The Architecture of Psychological Warfare: How Maddening Modern Art Inspired the Designs of Prison Cells

Pat Finn Pat Finn

“Appropriation” is a concept that has gotten a lot of attention over the past few years. This is when someone takes an idea or cultural practice and uses it for purposes that are contrary to the will of its originators. While the term is usually invoked in cases of “cultural appropriation” — which occurs when the creative labor of a marginalized group is exploited by members of a more powerful group — it can be relevant at other times, as well. For instance, there is surely no better way to describe how anarchist forces made use of modern art during the Spanish Civil War, when they borrowed the ideas of Bauhaus-affiliated artists as well as the Surrealists to design psychological torture chambers.

This shocking story was uncovered in the early 2000s by José Milicua, a Spanish art historian. Milicuawas rifling through records from the Spanish Civil War when he discovered the testimony of Alphonse Laurencic, a French architect turned revolutionary who claimed to have designedvery unusual prison cells to house fascist soldiers captured on the battlefield.

Replica of one of the cells, recreated through Laurencic’s descriptions; image via Open Culture

Laurencic testified that the color theories of Wassily Kandinsky and others inspired him to coat the walls of his six-by-three-foot jail cells with disorienting geometric patterns. In order to add to the nauseating mood, the beds were tilted at 20-degree angles, ensuring that prisoners would slide off if they tried to sleep. The floors were covered with a maze of standing bricks designed to prevent prisoners from walking in a straight line. To top it all off, flashing lights were used to emphasize the garish colors of the space. Closed off from any possibility of repose, the prisoners had no choice but to fix their gazes on the infernal images plastered across the wall.

Left: cover of R.L. Chacón, Por que hice las ‘Chekas’ de Barcelona: Laurencic ante el Consejo de Guerra, 1939; right: photo of one of Laurencic’s cells on Calle Zaragoza, Barcelona, 1939; images via Hidden Persuaders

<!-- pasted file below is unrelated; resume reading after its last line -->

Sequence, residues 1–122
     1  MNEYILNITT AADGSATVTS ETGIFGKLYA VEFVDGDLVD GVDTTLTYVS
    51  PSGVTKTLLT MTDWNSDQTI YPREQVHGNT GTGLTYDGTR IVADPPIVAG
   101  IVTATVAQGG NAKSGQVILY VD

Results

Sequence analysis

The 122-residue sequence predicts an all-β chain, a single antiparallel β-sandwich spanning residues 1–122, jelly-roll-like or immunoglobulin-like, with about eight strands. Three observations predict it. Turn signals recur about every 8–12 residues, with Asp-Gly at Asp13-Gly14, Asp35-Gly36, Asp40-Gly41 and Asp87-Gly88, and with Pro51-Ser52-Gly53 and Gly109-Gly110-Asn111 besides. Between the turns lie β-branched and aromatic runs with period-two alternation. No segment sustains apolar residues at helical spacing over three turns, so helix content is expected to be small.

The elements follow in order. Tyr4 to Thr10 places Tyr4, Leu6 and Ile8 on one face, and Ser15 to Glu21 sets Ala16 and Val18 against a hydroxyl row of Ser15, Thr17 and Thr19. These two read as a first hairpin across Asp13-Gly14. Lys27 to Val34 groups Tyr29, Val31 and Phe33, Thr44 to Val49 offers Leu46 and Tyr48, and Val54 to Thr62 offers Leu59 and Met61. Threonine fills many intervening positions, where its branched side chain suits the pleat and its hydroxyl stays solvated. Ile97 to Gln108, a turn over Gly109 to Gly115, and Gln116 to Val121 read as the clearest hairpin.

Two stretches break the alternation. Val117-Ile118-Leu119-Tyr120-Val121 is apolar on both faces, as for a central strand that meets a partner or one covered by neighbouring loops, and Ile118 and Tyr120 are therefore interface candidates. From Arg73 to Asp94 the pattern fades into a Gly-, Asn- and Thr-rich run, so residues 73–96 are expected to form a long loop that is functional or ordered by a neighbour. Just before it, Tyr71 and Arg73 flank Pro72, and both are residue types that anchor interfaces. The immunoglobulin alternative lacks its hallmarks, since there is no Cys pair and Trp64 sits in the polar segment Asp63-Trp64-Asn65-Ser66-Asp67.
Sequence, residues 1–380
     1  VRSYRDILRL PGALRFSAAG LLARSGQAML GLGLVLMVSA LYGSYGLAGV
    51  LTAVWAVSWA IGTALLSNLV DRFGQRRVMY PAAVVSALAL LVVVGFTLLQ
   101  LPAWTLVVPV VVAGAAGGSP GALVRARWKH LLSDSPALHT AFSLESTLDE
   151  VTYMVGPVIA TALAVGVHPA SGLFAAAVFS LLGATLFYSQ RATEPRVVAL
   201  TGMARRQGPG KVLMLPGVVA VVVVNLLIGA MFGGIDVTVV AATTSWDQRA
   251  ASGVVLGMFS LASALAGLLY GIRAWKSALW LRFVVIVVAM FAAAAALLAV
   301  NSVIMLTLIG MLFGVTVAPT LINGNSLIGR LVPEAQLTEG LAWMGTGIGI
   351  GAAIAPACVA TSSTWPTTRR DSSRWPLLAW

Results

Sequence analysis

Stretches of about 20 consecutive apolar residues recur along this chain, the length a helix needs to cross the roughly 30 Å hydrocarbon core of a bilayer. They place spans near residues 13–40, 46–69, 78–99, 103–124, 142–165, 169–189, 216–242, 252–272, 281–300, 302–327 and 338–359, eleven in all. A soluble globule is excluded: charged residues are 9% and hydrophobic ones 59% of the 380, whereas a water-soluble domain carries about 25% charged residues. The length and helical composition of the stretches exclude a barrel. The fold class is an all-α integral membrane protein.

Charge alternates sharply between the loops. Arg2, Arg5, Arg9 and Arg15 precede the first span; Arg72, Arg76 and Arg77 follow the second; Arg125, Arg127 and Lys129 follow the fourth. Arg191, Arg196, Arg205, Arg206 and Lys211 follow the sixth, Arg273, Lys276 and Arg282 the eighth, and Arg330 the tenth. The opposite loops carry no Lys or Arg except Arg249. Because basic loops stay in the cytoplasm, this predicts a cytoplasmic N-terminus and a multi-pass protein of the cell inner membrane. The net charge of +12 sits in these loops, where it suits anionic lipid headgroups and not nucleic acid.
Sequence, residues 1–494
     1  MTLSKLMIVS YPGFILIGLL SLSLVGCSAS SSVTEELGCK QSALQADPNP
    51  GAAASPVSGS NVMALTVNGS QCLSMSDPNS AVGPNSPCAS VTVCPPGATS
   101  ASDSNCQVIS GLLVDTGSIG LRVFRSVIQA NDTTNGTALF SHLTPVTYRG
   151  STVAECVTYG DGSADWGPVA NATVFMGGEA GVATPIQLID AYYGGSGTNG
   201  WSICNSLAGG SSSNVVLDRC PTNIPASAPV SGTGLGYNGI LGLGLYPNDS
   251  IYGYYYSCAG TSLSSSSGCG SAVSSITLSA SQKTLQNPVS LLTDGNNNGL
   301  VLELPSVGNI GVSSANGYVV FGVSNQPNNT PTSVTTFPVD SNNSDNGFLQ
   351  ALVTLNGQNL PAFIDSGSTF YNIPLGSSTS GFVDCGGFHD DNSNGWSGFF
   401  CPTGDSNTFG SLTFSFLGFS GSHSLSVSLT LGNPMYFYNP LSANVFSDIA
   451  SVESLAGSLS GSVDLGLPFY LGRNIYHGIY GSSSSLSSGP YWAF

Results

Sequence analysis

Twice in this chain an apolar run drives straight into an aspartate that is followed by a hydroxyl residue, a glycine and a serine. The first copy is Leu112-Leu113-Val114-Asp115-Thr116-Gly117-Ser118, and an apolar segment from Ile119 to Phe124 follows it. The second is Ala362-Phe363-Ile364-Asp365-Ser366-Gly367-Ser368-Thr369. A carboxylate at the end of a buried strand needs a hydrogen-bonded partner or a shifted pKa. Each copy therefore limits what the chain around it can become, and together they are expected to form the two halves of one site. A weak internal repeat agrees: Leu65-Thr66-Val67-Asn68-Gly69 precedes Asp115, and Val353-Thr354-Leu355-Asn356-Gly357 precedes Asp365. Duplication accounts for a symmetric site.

What could be so bad about abstract patterns? Like many of the most challenging paintings of the day, these compositions aimed for dissonance rather than harmony and involved subtly askew formations designed to provoke dizziness and visual discomfort. These designs, in addition to the lack of straight lines or right angles in the space, created a sense of creeping unease in the minds of the prisoners, which made them more pliable for interrogation. All of this was made possible by Laurencic’s study of modern-art theorists, especially those associated with the Bauhaus, who examined the power of aesthetics in everyday life.

As an appropriator, Laurencic put the work of the Bauhaus to purposes totally contrary to the storied institution’s original intentions. While the Bauhaus aspired to use its artistic knowledge to create functional, beautiful spaces for living and working, Laurencic did exactly the opposite.

The Bauhaus was a school of art and architecture that functioned as a kind of “think tank” for modernist aesthetics during Weimar-era Germany. Laurencic claimed that he drew on theories developed here to design his prison cells. Image via Wikipedia

The anarchists’ misuse of modernist ideas shouldn’t be surprising. As the philosopher and champion of modernist aesthetics Theodor Adorno said, “Dissonance is the truth about harmony.” By exploring the conditions of harmony in exacting detail — and experimenting with its mirror twin, dissonance — modern artists opened the door to their findings being misused. Every creative breakthrough carries a risk of appropriation.

There is an interesting irony to this story, however. The anarchists were fighting on the Republican side, against the fascist forces of Franco. Fascists famously detested modern art, referring to it as a “degenerate” celebration of everything that was unnatural and unpleasant. While the fascists could not have been more wrong about true modern artists, they would have been right in viewing Laurencic’s creations as aesthetic abominations. By deviating from modernism’s original intentions, Laurencic nearly affirmed the philistinism of his fascist enemy.

For more on the connection between the built environment and art, check out our special 2016 Chicago Biennale feature: Atelier Bow-Wow Asks: Is Architecture Art?.

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